Founding of Tonbridge School

There is a similar crowded intensity about Education 1689, painted between 1912 and 1937, and Harmony (c1903), in which his housekeeper, Lizzie Peacock, is thought to have posed for some of the musicians. She would also pin up his notes by the village crossroads when he wanted someone from the village to pose for a painting. One willing volunteer was the actor Donald Sinden, he of the orotund speech, whose father was the village chemist and who posed for Education. 


Not all were impressed. One critic wrote: “It is perhaps safer to suggest that on the walls of the Skinners’ Hall Mr. Brangwyn gives us his unclothed, clamorous temperament, not his clothed and cloistral personality” and exhorted “Think what has been done in the wall-painting way: think of Botticelli’s two Tornabuoni frescoes, now on the staircase at the Louvre, and the undying message of grace and loveliness that the personality of Botticelli, delicate as a bed of wet violets in the springtime, conveys to us.” 

Brangwyn, however, was definitely not of the wet violet school of art, which is precisely why these mighty murals have such potency. He rarely went out of his way to please, followed no fashions artistically, regarded as a radical one minute, pilloried as an establishment figure the next. He never tried to conform and took pride in resisting trends, rather irritably claiming that art was an occupation – just a job – rather than a vocation, and preferring to be called a designer rather than an artist.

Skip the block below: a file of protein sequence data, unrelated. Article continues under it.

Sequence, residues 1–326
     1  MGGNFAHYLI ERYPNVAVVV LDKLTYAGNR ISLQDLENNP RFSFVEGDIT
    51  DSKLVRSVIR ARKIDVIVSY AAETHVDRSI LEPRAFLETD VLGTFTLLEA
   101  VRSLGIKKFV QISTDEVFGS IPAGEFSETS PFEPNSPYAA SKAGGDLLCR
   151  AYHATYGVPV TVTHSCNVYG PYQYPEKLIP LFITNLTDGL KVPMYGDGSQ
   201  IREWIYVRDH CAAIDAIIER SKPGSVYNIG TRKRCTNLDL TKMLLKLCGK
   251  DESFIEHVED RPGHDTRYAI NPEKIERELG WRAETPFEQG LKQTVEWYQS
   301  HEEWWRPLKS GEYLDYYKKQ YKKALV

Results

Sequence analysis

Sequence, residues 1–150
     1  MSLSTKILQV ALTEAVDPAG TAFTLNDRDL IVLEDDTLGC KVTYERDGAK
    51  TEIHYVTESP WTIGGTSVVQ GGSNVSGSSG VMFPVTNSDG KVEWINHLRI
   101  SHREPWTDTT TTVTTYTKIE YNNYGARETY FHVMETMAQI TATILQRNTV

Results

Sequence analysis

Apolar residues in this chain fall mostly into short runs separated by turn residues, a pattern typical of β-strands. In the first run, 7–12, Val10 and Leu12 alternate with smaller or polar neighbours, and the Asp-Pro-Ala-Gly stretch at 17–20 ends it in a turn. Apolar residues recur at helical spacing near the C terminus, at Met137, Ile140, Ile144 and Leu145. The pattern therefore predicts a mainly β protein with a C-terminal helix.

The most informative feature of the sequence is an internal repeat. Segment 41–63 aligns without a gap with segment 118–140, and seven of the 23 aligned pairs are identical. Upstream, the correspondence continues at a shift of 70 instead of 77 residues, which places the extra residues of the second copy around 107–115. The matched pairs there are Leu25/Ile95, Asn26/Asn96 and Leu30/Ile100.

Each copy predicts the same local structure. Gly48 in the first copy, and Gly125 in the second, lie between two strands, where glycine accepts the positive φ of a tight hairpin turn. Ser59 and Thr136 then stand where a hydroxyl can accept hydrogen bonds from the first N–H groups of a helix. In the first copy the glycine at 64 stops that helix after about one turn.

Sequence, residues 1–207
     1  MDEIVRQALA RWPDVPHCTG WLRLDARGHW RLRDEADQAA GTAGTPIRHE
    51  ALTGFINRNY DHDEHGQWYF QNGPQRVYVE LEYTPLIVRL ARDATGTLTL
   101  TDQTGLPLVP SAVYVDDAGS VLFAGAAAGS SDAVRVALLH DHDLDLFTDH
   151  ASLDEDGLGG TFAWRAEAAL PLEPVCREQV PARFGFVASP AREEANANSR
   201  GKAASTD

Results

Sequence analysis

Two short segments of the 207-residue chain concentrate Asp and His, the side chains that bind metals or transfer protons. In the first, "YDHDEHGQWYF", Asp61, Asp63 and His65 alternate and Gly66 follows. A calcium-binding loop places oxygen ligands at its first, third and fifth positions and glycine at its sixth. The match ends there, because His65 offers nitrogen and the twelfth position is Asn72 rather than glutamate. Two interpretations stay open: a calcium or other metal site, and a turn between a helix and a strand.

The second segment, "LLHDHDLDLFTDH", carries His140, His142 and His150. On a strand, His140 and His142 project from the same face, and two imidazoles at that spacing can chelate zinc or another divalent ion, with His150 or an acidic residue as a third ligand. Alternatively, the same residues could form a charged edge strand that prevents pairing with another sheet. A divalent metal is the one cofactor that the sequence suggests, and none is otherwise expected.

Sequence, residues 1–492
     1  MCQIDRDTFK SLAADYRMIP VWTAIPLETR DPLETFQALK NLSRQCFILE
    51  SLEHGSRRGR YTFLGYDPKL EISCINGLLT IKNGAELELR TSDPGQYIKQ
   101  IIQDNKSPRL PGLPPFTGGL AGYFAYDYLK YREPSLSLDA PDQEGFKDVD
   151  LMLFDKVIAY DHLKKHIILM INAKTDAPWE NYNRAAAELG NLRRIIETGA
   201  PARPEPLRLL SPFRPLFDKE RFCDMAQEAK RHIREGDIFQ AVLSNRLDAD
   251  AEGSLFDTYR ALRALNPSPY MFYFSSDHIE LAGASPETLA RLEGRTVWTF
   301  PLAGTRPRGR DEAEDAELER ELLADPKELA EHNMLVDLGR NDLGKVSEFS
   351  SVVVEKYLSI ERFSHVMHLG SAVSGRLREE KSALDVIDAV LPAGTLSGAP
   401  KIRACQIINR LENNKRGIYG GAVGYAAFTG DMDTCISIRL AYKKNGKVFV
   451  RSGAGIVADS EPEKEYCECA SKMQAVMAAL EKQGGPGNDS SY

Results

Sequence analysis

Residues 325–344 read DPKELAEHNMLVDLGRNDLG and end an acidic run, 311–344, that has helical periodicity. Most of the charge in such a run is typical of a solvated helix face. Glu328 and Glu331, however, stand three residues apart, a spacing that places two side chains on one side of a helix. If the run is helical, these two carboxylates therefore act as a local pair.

Although hugely accomplished as a painter and in drawing, he eschewed the easel for decorative art and large-scale murals. “Easel painting enfeebles the mind,” he grumbled. “A maker of toys, pathetic in its want of dignity. Let us have walls that we may paint over them.”

And that’s what we find in Ditchling, strong arrangement bursting with life and people, with carefully considered colours, all of which he argued could only be made with as much planning, trial and error as an architect uses to design a building. 

His work was branded by the artist Wyndham Lewis as “abysmal inexcusable middle class”.

If not middle class exactly, he was definitely born into a cosmopolitan world. His parents lived in Bruges, Belgium, where he worked as an apprentice to his father and where the biggest single collection of his works is gathered in the Arentshuis. As a young man he sailed to Spain as a crew member and visited South Africa.

His travels to North Africa and Turkey almost certainly inspired him to use a brighter palette in two of his later Skinners murals, Education and Charity (1937).

When he moved back to England he became an enthusiast for the Arts and Crafts movement and was influenced by its leading lights, Arthur Mackmurdo and William Morris. By 1912 he was well known in France and awarded Chevalier of the Légion d’Honneur.

The exhibition has a few well-chosen exhibits that hint at his prodigious output and, incidentally, help to explain why he dallied so long over the Skinners project. It could be that he was not the best organised, but fundamentally he couldn’t say no to an idea. Instead of dipping his brush into the paint for the murals he allowed himself to be interrupted by a dizzying array of work, producing 73 oils, 200-plus watercolours and drawings, 304 etchings, 73 woodcuts, lithographs, woodcuts, carpets and jewellery. He even designed the street decorations for George V’s coronation.